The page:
Activewear Fabric – No Longer Just Made Of Spandex
Activewear fabric used to be almost exclusively made of spandex, but not anymore. Today activewear fabric is made of blends such as nylon, polyester and other fabrics with a touch of spandex also called Lycra added for stretch. These fabrics are also referred to as two-way or four-way stretch knits.
Activewear consists of such garments as those for swimming, dance, ice skating, cycling, skiing, gymnastics and other costumes and exercise wear.
• These fabrics have a nap
• Easily damaged by pins and needles
• Easily snagged
• Fabric can be shiny
Working With These Fabrics Requires:
• Sewing machine needles recommended are size 70/10 ballpoint, stretch, twin needles and universals; also can use 75/11 stretch needles, 90/14 ballpoint, stretch, twin needles and universals for heavy fabrics
• Hand sewing needles should be sizes 8-9
• Sewing machine setting should be a stitch length of 2.5mm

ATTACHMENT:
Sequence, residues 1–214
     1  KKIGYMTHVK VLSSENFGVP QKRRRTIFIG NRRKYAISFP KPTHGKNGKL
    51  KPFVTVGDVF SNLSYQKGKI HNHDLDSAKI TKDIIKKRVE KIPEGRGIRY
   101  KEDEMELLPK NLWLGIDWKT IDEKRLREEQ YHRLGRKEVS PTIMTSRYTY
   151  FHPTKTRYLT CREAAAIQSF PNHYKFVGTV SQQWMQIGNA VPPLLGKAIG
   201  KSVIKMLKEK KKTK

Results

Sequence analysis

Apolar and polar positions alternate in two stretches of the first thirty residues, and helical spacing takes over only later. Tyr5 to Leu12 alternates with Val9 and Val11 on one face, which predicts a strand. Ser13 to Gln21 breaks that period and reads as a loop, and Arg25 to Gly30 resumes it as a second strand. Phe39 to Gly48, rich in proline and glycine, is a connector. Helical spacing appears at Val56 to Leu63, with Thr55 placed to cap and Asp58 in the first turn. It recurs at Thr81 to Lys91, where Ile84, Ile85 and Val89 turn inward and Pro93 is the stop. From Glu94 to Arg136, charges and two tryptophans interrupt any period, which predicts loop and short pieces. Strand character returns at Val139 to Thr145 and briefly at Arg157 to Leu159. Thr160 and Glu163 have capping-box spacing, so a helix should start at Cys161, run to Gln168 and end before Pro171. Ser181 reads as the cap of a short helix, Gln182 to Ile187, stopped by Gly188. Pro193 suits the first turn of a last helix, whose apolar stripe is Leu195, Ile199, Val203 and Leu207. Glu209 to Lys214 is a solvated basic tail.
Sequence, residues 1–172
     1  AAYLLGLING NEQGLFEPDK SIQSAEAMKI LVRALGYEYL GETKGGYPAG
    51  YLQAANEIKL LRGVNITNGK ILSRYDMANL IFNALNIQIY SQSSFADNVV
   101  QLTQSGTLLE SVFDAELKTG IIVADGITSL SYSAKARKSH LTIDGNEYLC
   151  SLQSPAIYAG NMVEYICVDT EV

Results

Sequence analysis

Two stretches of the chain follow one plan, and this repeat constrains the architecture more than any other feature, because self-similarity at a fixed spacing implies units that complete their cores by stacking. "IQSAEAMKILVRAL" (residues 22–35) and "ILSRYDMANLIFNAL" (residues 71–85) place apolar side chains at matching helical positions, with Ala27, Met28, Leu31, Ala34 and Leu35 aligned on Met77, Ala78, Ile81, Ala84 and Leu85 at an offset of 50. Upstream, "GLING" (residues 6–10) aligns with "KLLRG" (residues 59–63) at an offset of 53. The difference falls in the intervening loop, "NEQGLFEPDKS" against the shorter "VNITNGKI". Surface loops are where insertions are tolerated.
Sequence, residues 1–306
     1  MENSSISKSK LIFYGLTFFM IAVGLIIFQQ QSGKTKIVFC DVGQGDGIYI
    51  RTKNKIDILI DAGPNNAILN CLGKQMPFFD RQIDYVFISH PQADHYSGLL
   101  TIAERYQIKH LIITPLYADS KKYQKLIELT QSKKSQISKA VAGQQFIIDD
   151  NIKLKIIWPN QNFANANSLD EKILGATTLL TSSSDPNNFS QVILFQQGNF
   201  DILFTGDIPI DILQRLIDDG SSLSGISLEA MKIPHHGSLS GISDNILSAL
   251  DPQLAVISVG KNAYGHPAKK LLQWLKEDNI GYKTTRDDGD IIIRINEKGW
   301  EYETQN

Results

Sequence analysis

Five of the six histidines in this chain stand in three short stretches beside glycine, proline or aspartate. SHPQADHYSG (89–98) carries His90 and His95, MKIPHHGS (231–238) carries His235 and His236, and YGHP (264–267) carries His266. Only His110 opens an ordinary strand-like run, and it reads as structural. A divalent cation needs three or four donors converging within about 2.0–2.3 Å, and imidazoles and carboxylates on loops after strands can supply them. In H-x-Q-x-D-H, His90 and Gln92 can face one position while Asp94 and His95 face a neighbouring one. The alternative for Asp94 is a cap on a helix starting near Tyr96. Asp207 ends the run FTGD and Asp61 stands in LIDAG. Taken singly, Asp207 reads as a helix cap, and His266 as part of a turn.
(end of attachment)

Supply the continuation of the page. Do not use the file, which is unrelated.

• Sewing machine feet can be the standard, roller and zigzag foot
• Thread recommended is all-purpose polyester for its stretch properties, cotton/polyester blend and wholly nylon
• Tools and equipment recommended are sharp scissors, sharp shears, rotary cutter and mat, pins
• Layout is nap
• Marking tools recommended are chalk, clips (with snip marks in seam allowance)
• Seams recommended are serged, stretch and twin needle stitched
• Hems recommended are twin needle stitched, serged, topstitched
• Edge finishes recommended are elastic application, casings, self-fabric stretch bindings, ribbings for example
• Closures recommended are zippers, invisible zippers, hooks and eyes, ties, buttonholes with stabilizer, loops, and snaps
• Pressing should be with a steam iron at a medium setting
These Fabrics Are Suitable For:
Activewear materials are used for garments for swimming, dance, ice skating, cycling, skiing, gymnastics and other costumes and exercise wear.
For information about the notions, tools, and equipment required to complete a sewing project, click here to view the sewing notions home page.
For more information about this family of fabrics some great references are:
Claire Shaeffer’s Fabric Sewing Guide
More Fabric Savvy by Sandra Betzina
For more interesting information about activewear fabric, click here on eHow.com to learn more about Lycra fabric a component of activewear.